None of this has been lost on the administration, which is apparently intent on proving to Cantor (and the new Republican majority) that it’s as committed to Israel as they are. Or more. On October 25, Dennis Ross, the White House point person on the Middle East, told a meeting of the American Israel Public Affairs Committee that not only is America committed “to Israel’s security”, but that the U.S. commitment “has also been demonstrated in our work to defeat efforts in international organizations to single out or delegitimize Israel.” This is new, but undoubtedly welcome to Israel’s supporters: the U.S. will not only defend Israel, it will silence its critics. The Ross pledge was ostensibly made to bar a U.N. move for Palestinian statehood which, under the agreement, would be vetoed by the U.S. But the administration’s new promise has far reaching consequences. It pledges U.S. opposition to Israeli compliance with international agreements on nuclear weapons (explicitly mentioned by Ross), the criticisms issued by Judge Goldstone in his report of Operation Cast Lead against Gaza, and any U.N action condemning Israel for its May boarding of a ship on which 19-year-old Furkan Dogan, an American citizen, was killed. That investigation, which the U.S. insisted be “prompt, impartial, credible and transparent,” is now (at America’s urging) in the hands of an investigation run by the Israelis.
The Ross message to AIPAC was repeated by Vice President Biden during a meeting of the Jewish Federations of North America in New Orleans, just two weeks later. The Biden speech included the administration’s mantra — “we are absolutely, unequivocally committed to Israel’s security” — and then focused on the administration’s new effort to fight any questioning of Israel’s actions, extending to the international community the view now required of every American — that Israel not only be defended, but viewed as above criticism. Biden bragged about his role in defending Israeli actions during the flotilla episode in his New Orleans speech. “That’s why, at the direction of President Obama…I spent hour after hour in the aftermath of the flotilla incident, trying to put it in its proper focus and ensure that Israel had its right to conduct its own independent investigation.” Breathtaking: people weren’t opposed to Israel’s right to “conduct its own independent investigation” (who cares?), they simply believed that any Israeli inquiry would be a Moscow show trial in reverse: instead of being automatically condemned, the accused would be automatically acquitted. The message to American citizens is clear: if a Muslim kills you it’s because he’s a terrorist, if an Israeli kills you, it’s because you’re a terrorist.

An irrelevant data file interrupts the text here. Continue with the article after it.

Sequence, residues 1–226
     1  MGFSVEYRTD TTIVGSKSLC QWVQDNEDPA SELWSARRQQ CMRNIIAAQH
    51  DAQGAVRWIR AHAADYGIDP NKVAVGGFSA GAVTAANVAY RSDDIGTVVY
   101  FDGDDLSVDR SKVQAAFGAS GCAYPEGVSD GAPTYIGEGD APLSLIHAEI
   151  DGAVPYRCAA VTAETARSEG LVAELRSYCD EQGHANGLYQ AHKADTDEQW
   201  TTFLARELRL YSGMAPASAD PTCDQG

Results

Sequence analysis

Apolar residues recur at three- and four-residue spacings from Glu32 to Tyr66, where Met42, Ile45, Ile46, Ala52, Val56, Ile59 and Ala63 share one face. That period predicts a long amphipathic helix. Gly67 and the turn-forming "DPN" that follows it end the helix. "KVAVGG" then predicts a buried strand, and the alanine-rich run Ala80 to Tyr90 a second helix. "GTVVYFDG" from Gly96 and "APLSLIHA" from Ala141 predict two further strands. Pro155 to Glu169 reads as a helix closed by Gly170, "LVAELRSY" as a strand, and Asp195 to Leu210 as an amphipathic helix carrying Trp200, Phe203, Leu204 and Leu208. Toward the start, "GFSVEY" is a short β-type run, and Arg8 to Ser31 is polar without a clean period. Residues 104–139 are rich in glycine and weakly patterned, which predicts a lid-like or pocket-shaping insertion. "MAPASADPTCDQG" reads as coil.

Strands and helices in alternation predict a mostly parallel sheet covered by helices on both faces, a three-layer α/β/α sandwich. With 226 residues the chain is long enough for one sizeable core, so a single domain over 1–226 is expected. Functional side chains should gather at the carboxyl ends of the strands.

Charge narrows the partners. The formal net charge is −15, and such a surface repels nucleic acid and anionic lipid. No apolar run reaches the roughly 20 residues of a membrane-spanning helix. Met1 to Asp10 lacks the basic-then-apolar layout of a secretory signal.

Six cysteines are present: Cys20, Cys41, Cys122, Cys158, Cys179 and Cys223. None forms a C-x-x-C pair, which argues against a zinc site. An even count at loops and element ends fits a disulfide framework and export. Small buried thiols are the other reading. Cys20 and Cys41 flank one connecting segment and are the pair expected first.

The Obama Administration’s newest promise to Israel is abject, embarrassing and gutless. Our country — our president — is rewarding a foreign leader who openly boasts that America “is something that can easily be moved,” who urges a waiting game with the U.S. because he knows that Israel’s friends in the Congress will defy a president who opposes him, who tells his cabinet that he will outfox Barack Obama. We are paying Israel to do something that is in their own interests — and very much not in ours. That’s extortion. The Obama Administration has this dangerously wrong. F-35s? This is not a defensive weapon. The jet is the most advanced air system in the world, with a round-trip capability that puts Tehran in range of Tel Aviv. The message, intended or not, will be heard by Iran: we’re not interested in allowing Israel to defend itself, we’re interested in having it attack others. The administration has not made Israel stronger, they’ve made America more vulnerable. We are purposely escalating the regional sprint to acquire weapons that will eventually, and inevitably, kill American soldiers. We have lost our way. It is not Israel’s legitimacy that needs defending, but ours.
This is not the first time this has happened. During his second administration, George Washington faced a similar test and finally, if reluctantly, agreed to pay ransom to the Barbary extortionists. He had little choice: the U.S. had no navy and little international leverage. Then Secretary of State Thomas Jefferson opposed paying of the tribute, but acceded to Washington decision. It was a terrible mistake: in 1795, the U.S. paid $1 million in cash and turned over valuable naval stores to keep the peace in North Africa. It didn’t work. The Pashas of Barbary demanded more. George Washington, the father of our country, was a very great man. But in this one case he was wrong; and Thomas Jefferson was right: “Paying tribute,” he said, “will merely invite more demands.”
Mark Perry is a military and political analyst and author of eight books, including Partners In Command, George Marshall and Dwight Eisenhower in War and Peace, and the recently released Talking To Terrorists.